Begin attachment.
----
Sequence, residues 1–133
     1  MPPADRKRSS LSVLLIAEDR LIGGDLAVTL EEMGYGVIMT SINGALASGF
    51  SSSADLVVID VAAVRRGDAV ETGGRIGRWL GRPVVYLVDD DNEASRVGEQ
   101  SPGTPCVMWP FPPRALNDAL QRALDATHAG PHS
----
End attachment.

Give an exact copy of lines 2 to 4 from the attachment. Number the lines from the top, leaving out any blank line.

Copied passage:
     1  MPPADRKRSS LSVLLIAEDR LIGGDLAVTL EEMGYGVIMT SINGALASGF
    51  SSSADLVVID VAAVRRGDAV ETGGRIGRWL GRPVVYLVDD DNEASRVGEQ
   101  SPGTPCVMWP FPPRALNDAL QRALDATHAG PHS